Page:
3:10.  “In that day, saith the Lord of hosts, shall ye call every man his neighbor under the vine and under the fig tree.”

In that day, the Millennium, there will be universal peace, prosperity, and blessing, portrayed here symbolically under the figure of each man sitting under the vine and the fig tree, and regarding every man as his neighbor.  As another has put it: In the Millennium  “There are no enemies - only neighbors.”

As has been noted in other studies, the vine represents Israel redeemed and brought out of Egypt, “Thou hast brought a vine out of Egypt: thou hast cast out the heathen, and planted it,” Ps 80:8; and the fig tree represents her as cursed and withered, but then brought to life again, ”And when he saw a fig tree in the way, he came to it, and found nothing thereon, but leaves only, and said unto it, Let no fruit grow on thee henceforward for ever.  And presently the fig tree withered away,” Mt 21:19.  But in Mt 24:32 we see the fig tree brought back to life, “Now learn a parable of the fig tree; When his branch is yet tender, and putteth forth leaves, ye know that summer is nigh: So likewise ye, when ye shall see all these things, know that it is near, even at the doors.  Verily I say unto you, This generation shall not pass, till all things be fulfilled,” Mt 24:32-34.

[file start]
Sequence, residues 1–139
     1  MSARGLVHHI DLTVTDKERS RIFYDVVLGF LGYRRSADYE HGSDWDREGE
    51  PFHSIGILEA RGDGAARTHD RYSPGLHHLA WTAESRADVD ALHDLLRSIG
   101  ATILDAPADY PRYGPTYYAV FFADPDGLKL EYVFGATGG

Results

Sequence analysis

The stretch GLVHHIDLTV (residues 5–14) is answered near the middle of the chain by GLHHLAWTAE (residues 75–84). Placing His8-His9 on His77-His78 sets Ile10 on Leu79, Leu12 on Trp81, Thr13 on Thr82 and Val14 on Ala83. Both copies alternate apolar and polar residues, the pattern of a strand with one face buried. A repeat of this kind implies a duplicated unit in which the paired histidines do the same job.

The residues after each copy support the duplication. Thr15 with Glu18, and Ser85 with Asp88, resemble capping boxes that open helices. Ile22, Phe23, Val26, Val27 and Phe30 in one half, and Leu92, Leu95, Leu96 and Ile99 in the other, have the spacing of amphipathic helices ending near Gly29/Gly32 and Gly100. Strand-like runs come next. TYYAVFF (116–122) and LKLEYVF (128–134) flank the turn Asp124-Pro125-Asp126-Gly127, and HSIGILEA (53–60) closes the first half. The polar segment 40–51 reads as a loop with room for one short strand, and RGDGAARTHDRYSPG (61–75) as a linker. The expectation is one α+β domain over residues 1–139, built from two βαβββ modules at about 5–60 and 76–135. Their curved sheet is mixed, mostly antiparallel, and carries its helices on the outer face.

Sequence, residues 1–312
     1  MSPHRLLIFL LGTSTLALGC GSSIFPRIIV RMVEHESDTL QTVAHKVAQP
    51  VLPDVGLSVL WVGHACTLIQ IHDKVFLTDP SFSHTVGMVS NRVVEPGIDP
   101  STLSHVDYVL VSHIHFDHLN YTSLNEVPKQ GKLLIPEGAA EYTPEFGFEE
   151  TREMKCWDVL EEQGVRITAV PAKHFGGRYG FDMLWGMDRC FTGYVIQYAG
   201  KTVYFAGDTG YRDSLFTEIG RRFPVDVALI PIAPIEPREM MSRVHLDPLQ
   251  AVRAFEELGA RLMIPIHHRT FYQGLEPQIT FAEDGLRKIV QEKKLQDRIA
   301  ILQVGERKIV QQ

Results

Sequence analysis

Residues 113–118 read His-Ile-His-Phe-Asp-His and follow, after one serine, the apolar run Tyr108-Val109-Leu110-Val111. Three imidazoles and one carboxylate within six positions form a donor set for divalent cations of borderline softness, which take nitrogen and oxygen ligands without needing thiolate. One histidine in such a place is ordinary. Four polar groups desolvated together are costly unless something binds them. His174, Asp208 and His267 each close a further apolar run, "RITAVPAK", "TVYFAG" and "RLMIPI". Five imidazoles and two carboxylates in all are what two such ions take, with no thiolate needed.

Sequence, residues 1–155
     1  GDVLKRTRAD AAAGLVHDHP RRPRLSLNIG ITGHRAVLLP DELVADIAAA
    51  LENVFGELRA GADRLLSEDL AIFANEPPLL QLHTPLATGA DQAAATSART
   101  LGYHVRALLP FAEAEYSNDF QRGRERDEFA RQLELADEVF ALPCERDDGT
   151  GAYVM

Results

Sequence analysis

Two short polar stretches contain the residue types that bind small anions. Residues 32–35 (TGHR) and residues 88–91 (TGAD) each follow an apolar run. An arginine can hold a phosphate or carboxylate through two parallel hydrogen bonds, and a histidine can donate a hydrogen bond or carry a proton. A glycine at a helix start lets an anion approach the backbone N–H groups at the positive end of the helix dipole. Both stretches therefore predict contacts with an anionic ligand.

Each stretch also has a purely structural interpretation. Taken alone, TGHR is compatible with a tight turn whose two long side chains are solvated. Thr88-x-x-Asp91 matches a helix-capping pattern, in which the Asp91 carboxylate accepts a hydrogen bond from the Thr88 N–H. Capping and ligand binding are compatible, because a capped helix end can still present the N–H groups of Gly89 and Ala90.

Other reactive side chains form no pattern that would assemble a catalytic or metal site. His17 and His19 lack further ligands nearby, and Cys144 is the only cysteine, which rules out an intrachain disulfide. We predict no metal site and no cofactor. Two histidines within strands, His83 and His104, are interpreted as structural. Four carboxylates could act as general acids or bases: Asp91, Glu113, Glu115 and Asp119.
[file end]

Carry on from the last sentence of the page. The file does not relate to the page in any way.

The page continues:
The fig tree covered with leaves, but fruitless, represents the Israel of Christ’s day, for fig leaves always represent mere empty profession, and that was all that Israel had.  She had no spiritual fruit to satisfy the Lord’s heart.  As a result, that generation died in AD 70.